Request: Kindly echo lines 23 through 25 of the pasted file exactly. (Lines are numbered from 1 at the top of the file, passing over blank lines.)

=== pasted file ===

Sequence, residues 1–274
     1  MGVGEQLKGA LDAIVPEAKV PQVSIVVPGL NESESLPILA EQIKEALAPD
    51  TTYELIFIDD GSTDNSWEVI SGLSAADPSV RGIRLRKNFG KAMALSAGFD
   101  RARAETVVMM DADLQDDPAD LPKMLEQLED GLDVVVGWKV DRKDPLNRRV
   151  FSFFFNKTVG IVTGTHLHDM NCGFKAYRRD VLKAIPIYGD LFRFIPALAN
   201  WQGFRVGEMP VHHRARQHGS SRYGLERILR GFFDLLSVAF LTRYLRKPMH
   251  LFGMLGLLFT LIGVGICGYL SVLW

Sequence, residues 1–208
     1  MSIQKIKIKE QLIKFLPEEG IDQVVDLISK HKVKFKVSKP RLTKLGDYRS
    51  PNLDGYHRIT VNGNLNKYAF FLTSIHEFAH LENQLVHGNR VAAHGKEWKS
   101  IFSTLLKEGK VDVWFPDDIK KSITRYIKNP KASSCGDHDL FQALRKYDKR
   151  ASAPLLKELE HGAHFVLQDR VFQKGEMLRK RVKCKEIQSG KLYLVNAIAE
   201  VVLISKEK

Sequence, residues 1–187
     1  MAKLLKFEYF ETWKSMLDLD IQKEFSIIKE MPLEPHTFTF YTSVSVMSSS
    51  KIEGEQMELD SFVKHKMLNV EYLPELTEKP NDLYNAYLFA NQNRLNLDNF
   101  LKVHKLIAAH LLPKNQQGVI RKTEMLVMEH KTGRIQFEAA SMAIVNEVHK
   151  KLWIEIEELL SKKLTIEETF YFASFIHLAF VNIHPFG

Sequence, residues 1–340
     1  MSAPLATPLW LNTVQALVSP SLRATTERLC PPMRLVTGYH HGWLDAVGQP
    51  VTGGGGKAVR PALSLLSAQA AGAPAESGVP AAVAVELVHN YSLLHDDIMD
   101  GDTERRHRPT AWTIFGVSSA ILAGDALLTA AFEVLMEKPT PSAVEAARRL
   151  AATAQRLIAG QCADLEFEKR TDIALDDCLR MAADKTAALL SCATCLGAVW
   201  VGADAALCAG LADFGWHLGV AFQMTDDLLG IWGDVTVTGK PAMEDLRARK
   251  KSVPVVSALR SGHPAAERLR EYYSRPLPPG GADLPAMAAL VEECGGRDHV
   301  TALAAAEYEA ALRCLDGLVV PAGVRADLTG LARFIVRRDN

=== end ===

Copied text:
   151  AATAQRLIAG QCADLEFEKR TDIALDDCLR MAADKTAALL SCATCLGAVW
   201  VGADAALCAG LADFGWHLGV AFQMTDDLLG IWGDVTVTGK PAMEDLRARK
   251  KSVPVVSALR SGHPAAERLR EYYSRPLPPG GADLPAMAAL VEECGGRDHV